Be afraid, but don't panic

 

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Category: Health Care Date: 15 Jan 06

 

Dead chickens scattered across the front page of Wednesday’s Guardian, with the question mark of avian influenza, sent a shudder of ominous dread to us all.

 

The assurances by the Ministries of Agriculture and Health that the thousands of dead and dying chickens in a Cumuto farm were not infected with the deadly bird flu, but with a fungal disease—aspergillosis—was not enough to send away the jitters about dead birds in T&T.

 

Our anxiety is justifiably fuelled by simultaneous reports out of Turkey of fears after the deaths of two people from the virus, that despite massive culling, the bird flu could become “endemic” there.

 

The UN expressed the fear that the virus was spreading in Turkey, despite “control measures.”

 

What is this virus and why should we be afraid if it’s all the way in Turkey? We should be afraid. Not “panic afraid,” but “prepared afraid.” Why?

 

Scientists have predicted that should the bird flu mutate into a flu that can be passed between human beings, the devastation, and loss to human life will be worse than any nuclear, terrorist or natural disaster ever imagined.

 

Estimates of the number of possible victims of a catastrophic global pandemic range from 7.4 to 150 million people.

 

You ask, as I did, what is it and how can it be passed on? This is what my research revealed: Avian influenza, known as bird flu, is a contagious viral disease in animals, caused by a virus loosely related to human influenza.

 

The H5N1 form of bird flu is the most dangerous. It is extremely contagious among birds, both by air and contact with faeces. Mortality is close to 100 per cent, many birds dying on the same day of infection.

 

The latest bird flu outbreak, which started in 2003, has affected mostly Asia, where millions of birds have died after contracting the disease or have been destroyed in measures to prevent it spreading.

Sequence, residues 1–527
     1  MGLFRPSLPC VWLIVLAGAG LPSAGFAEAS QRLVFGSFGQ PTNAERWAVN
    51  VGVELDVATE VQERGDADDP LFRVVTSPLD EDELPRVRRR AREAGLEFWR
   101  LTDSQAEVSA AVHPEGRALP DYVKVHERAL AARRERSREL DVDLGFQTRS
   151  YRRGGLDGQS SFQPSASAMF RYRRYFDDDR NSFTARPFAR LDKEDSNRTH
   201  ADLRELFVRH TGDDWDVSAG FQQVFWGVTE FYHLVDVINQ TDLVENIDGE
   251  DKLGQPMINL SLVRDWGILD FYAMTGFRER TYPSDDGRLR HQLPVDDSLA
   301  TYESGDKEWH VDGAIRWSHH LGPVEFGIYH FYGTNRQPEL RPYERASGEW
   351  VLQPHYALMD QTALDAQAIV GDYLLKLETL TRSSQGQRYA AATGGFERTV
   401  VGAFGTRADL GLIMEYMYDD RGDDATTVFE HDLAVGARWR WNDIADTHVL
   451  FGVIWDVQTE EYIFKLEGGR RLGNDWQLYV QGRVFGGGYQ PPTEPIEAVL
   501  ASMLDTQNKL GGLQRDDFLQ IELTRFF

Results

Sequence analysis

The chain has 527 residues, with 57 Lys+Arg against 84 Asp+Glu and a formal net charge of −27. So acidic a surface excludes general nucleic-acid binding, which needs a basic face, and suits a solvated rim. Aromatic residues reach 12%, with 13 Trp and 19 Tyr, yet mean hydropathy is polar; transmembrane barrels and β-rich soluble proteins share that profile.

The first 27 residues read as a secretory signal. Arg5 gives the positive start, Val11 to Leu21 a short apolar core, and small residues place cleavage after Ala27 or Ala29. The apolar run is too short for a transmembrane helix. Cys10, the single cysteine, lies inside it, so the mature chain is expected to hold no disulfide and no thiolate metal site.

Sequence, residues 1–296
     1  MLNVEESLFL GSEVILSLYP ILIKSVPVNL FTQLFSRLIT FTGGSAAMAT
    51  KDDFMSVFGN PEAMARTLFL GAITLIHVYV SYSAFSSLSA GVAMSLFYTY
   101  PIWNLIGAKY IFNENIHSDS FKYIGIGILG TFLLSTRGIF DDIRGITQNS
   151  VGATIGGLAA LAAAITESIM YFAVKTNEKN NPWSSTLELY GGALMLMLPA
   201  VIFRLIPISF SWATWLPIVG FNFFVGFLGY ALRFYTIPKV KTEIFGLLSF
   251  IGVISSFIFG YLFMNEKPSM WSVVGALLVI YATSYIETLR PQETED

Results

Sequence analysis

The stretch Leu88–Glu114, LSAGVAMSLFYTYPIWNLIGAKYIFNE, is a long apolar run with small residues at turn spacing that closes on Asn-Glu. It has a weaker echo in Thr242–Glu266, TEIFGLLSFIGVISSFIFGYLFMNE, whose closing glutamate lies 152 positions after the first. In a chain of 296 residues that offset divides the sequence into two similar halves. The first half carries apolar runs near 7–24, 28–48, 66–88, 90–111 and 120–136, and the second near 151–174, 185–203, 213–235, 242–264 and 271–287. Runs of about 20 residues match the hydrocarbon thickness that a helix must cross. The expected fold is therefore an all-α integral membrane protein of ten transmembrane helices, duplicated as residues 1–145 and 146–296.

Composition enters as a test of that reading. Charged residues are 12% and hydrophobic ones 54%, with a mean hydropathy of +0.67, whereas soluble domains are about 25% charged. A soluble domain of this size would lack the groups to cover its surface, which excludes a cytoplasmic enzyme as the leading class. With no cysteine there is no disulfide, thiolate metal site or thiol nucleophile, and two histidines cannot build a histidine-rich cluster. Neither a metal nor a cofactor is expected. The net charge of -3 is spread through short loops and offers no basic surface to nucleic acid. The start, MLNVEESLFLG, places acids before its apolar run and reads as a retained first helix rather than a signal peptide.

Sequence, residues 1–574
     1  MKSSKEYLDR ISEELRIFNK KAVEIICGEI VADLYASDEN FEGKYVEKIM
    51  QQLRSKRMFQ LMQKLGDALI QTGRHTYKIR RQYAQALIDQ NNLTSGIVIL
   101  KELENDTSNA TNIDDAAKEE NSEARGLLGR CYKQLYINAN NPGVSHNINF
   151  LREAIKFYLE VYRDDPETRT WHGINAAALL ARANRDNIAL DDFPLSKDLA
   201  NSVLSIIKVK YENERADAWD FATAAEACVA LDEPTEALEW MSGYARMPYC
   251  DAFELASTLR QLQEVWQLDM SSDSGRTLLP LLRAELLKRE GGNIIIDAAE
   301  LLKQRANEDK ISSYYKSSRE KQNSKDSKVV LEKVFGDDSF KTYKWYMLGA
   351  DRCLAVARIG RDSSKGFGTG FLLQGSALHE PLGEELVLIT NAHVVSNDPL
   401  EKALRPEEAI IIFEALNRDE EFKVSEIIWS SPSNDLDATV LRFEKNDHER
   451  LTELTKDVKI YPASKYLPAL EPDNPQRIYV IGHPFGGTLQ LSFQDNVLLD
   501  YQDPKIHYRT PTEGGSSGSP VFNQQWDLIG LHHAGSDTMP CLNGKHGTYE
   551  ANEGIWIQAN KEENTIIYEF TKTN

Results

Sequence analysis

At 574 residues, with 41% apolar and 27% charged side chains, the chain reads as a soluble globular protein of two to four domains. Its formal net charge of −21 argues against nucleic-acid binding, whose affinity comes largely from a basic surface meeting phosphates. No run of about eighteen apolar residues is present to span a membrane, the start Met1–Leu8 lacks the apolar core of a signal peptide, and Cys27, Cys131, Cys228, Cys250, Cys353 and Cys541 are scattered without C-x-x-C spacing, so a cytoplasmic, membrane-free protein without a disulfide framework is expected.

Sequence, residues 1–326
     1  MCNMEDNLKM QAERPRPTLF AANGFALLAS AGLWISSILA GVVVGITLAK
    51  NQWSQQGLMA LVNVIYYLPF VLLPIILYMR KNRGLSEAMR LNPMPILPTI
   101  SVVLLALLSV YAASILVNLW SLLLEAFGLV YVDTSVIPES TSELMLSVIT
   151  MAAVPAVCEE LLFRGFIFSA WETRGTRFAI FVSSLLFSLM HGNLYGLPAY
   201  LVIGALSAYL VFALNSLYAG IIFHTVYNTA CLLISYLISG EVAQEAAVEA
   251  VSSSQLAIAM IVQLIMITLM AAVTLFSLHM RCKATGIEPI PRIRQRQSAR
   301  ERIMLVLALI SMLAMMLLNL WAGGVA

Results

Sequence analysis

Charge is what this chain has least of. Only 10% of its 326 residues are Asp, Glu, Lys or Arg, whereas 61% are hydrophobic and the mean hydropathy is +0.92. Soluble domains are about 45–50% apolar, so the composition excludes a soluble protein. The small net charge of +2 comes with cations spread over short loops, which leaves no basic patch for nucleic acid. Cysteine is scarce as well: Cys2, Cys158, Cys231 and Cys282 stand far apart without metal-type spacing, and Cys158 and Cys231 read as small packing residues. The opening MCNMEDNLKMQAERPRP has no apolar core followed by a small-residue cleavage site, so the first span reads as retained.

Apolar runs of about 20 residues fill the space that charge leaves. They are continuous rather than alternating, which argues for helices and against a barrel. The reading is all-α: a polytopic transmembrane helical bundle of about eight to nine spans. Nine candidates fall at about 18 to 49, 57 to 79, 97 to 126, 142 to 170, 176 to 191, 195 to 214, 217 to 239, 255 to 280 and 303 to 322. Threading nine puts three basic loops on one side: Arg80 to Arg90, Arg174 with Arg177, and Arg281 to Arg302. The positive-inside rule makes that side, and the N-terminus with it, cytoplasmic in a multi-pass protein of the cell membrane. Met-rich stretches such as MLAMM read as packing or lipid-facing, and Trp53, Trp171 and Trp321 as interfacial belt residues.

Since the end of 2003, cases have been recorded in Thailand, China, Indonesia, Cambodia, Vietnam, Laos, Malaysia, South Korea, Mongolia, Japan and Kazakhstan. In August, it was confirmed in Russia.

 

Since then, there have been confirmed outbreaks of H5N1 in Taiwan, Croatia, Turkey and Romania, as well as an H5 outbreak in Greece.

 

Scientists feared that the H5N1 virus could mutate into a form easily transmissible between people, unleashing a flu pandemic which they say is “overdue” by 20 years. Then humans began contracting the flu from birds.

 

By the second week of January, more than 145 humans in Asia and, more recently, Turkey, had been infected by the H5N1 strain. Seventy-five humans died.

 

So far, most human deaths have been in communities in which people live in close proximity to poultry. Breathing in dust from the faeces of sick fowls or handling them is believed to be the main way in which the virus spreads to people.

 

The latest Turkish bird flu victims were in close contact with poultry and many, failing to recognise signs of the disease, had eaten sick birds.

 

Scientists say that the more humans suffer from the virus the greater the risk that it will be transmitted from humans to humans and then spread as easily as the common cold.

 

All nations are worried. Many countries are putting contingency plans into place. The British department of health’s plan, which includes stocking up on the anti-viral drug Tamiflu, candidly calculates that “between 21,000 and 700,000 deaths could be expected in Britain from a flu pandemic.

 

“One-quarter of the population could become infected, and another quarter would need to care for them.” Are we worried? Maybe.

 

A medical source says the Ministry of Health, with visiting epidemiologists, has conducted some lectures for the medical fraternity.

 

They showed a map of the infected birds’ flight plan. They predicted that some infected birds would get lost this year, or early next year, and may find themselves in this part of the world.

 

There were no guarantees, they said, that we wouldn’t be affected, by a “strain” in an infected bird. No guarantees that we won’t be affected in case the virus mutates from a bird to human virus to a human to human pandemic.

 

Do we have a contingency plan? Are we stocked up on Tamiflu? Have we calculated how many deaths can be expected?

 

Only God and the Ministry of Health knows.

 

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All Articles Copyright Ira Mathur